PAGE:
(Bloomberg) — Several Chinese commodity firms pared back their bullish futures bets at the request of the government, according to people with knowledge of the matter, a sign of Beijing’s increasing concern over soaring raw material prices.
Over the last two weeks, at least four major firms, including steel mills and commodity merchants, reduced their long positions in locally traded products including iron ore and coal after attending meetings with government officials, said the people, who asked not to be identified discussing a sensitive matter. At least two major futures brokerages were also advised by China’s exchanges to cap positions and trading volumes in contracts that are highly volatile, said two of the people.
In addition to the firms who were urged by Beijing to reduce commodity holdings, officials at several other Chinese raw material producers, traders and investment firms cut bets without being asked, partly on concerns over potential criticism from regulators, according to interviews with 20 trading managers at state-owned and private firms in the past two weeks. These officials asked to stay anonymous as they aren’t authorized to speak publicly.
Email inquiries to the Shanghai, Dalian and Zhengzhou futures exchanges weren’t answered. A fax inquiry to the National Development and Reform Commission, the country’s top economic planning body, didn’t receive a reply.
The move by the Chinese government to try to temper prices behind the scenes underscores how worried it is that the global raw-material price boom will feed into higher inflation and derail its post-pandemic economic comeback. Commodity prices soared to near their highest level in a decade this month, as surging futures of iron ore to grains to copper raise the specter of rising construction, food and manufacturing costs.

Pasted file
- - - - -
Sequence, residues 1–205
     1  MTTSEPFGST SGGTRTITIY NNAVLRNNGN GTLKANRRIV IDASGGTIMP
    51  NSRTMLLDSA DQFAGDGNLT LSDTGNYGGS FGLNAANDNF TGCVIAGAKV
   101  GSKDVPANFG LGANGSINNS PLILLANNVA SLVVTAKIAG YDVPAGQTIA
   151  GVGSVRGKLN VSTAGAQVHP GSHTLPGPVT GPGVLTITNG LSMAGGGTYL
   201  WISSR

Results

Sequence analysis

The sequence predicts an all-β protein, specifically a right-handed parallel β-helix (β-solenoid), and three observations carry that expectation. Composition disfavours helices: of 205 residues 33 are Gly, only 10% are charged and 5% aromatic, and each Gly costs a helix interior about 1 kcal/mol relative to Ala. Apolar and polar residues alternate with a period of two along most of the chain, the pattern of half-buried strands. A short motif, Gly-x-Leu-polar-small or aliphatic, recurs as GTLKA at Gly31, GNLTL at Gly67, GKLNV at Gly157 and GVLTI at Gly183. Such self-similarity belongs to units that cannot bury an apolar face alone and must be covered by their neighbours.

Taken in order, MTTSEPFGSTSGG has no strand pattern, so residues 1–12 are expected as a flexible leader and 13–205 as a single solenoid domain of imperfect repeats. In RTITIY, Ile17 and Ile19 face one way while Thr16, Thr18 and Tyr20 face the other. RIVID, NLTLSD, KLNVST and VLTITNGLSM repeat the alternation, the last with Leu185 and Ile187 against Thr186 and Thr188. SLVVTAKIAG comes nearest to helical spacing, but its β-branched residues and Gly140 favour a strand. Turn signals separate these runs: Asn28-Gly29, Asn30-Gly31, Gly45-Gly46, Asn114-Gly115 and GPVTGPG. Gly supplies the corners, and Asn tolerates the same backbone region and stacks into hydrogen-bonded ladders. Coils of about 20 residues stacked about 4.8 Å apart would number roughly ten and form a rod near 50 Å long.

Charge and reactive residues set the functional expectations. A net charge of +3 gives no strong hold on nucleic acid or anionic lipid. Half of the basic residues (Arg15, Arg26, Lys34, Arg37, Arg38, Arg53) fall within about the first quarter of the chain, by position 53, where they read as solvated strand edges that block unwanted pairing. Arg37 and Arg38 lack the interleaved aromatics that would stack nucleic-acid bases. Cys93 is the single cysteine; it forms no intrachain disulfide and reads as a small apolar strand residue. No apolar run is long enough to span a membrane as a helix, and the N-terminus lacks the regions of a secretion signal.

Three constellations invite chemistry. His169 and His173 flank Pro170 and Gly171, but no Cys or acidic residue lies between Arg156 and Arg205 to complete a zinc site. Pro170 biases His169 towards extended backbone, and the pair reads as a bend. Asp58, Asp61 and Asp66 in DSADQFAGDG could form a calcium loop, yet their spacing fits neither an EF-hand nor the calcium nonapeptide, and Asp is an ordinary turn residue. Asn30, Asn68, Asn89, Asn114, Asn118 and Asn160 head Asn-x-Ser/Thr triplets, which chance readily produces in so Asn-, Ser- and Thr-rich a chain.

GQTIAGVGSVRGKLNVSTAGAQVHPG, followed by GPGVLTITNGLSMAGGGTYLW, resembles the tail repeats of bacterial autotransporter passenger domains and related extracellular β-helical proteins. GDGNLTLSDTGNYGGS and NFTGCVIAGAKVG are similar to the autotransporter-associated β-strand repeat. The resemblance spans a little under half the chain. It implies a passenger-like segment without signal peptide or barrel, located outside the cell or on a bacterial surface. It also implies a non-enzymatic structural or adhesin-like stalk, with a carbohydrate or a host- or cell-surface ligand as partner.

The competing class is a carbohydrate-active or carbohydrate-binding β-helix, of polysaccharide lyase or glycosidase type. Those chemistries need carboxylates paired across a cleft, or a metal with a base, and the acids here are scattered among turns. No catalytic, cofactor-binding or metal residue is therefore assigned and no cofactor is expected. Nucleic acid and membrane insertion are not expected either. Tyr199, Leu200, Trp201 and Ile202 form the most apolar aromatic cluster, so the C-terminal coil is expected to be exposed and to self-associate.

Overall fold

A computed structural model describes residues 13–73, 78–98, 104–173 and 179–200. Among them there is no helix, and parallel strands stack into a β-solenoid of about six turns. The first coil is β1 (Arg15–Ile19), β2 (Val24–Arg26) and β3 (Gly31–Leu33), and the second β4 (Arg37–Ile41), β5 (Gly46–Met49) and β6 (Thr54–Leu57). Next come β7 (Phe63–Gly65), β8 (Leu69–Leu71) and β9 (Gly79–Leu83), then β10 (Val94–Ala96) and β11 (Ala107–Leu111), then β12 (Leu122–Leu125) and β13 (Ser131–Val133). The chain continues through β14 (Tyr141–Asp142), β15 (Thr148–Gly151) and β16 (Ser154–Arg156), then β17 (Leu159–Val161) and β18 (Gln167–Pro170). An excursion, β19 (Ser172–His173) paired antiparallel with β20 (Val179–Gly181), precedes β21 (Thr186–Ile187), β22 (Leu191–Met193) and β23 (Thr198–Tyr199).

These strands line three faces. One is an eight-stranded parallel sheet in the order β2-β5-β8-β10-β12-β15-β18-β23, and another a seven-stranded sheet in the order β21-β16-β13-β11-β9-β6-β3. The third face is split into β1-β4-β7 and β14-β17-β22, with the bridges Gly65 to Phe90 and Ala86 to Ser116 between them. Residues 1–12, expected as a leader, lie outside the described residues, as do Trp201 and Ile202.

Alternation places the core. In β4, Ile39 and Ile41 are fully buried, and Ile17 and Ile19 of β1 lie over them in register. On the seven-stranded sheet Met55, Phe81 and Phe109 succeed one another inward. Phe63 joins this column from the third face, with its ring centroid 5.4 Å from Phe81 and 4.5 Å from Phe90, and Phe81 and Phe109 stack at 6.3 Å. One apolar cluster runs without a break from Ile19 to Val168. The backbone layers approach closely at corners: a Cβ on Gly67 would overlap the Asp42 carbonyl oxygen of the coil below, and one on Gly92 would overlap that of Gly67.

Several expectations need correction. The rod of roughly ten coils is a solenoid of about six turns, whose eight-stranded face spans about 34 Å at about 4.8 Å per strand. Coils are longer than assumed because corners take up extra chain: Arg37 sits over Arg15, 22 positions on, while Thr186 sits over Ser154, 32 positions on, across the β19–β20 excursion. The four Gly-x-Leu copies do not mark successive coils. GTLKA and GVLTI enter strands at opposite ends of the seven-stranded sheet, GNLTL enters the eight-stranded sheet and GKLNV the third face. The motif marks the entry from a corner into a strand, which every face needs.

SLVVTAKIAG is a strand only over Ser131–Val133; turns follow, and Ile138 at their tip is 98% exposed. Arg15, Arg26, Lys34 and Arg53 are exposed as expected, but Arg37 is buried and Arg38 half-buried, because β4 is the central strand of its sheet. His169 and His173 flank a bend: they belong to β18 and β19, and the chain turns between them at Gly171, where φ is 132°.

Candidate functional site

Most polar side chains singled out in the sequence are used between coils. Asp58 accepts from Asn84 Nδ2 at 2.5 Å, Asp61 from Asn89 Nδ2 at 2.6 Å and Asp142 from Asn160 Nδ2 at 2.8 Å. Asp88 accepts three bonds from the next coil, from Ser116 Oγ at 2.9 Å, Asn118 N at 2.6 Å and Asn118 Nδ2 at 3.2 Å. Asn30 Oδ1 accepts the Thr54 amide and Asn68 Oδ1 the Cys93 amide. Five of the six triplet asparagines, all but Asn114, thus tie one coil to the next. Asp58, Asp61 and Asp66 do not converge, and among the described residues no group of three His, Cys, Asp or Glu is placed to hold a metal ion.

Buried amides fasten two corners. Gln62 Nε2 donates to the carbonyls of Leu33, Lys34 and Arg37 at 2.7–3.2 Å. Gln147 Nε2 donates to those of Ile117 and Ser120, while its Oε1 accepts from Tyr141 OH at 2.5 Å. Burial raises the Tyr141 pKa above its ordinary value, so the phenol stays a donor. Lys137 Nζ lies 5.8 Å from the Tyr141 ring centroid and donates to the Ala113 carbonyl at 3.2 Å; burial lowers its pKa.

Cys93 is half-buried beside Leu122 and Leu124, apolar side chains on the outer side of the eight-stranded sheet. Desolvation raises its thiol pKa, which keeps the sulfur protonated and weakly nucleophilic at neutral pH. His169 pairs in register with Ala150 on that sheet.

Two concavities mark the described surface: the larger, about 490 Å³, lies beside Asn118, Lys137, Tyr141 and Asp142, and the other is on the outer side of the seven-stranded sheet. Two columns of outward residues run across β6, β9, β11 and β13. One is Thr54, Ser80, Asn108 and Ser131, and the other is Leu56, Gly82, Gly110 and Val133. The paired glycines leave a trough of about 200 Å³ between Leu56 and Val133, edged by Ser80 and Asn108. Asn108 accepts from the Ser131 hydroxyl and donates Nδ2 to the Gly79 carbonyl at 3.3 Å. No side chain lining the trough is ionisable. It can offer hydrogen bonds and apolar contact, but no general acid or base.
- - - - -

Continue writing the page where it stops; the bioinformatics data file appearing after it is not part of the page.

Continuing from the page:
The impact is already being felt, with the country’s factory-gate prices jumping by the most since 2017 last month, adding pressure on officials to act to stem prices. Makers of products from lampshades to capacitors are also already seeing margins shrink as input costs rise.
Most of the action so far has been rhetorical, including repeated calls from Premier Li Keqiang for action to rein in prices. There will be “zero tolerance” for monopolistic behavior and hoarding, the top planning department added. Market bodies also weighed in, with the Shanghai Futures Exchange pledging to curb unreasonable moves in its commodities contracts.
The jawboning has had some success, with the global commodity spot index sliding about 1% since peaking on May 12, when Li said dealing with the situation is of national economic urgency. Iron ore prices in Dalian have since fallen 21% as of Thursday, while reinforced steel bar prices in Shanghai have dropped by about one-fifth.
Still, the reduction in the bullish bets spanning products such as iron ore, base metals and coal hasn’t led to major declines in open interest because bargain hunters came into the market, said Jia Zheng, an analyst with Goldtrust Futures Co. in Shanghai.
Coking coal futures traded on the Dalian exchange slipped 0.1% on Friday, reversing an earlier 2% gain. Iron ore climbed 0.8%, while steel rebar added 1.8% in Shanghai, though both pared earlier advances.
It’s not just in financial markets where the Chinese government has added pressure. Some coal mining firms that hoarded inventories in anticipation of higher prices have been warned by the local government that their mining licenses could be revoked, the Chinese newspaper 21st Century Business Herald reported on Wednesday, citing a miner it didn’t identify. Coal companies are increasing their sales to mitigate rising prices, the newspaper said.
(Updates with analyst comment in 9th paragraph, prices in 10th)
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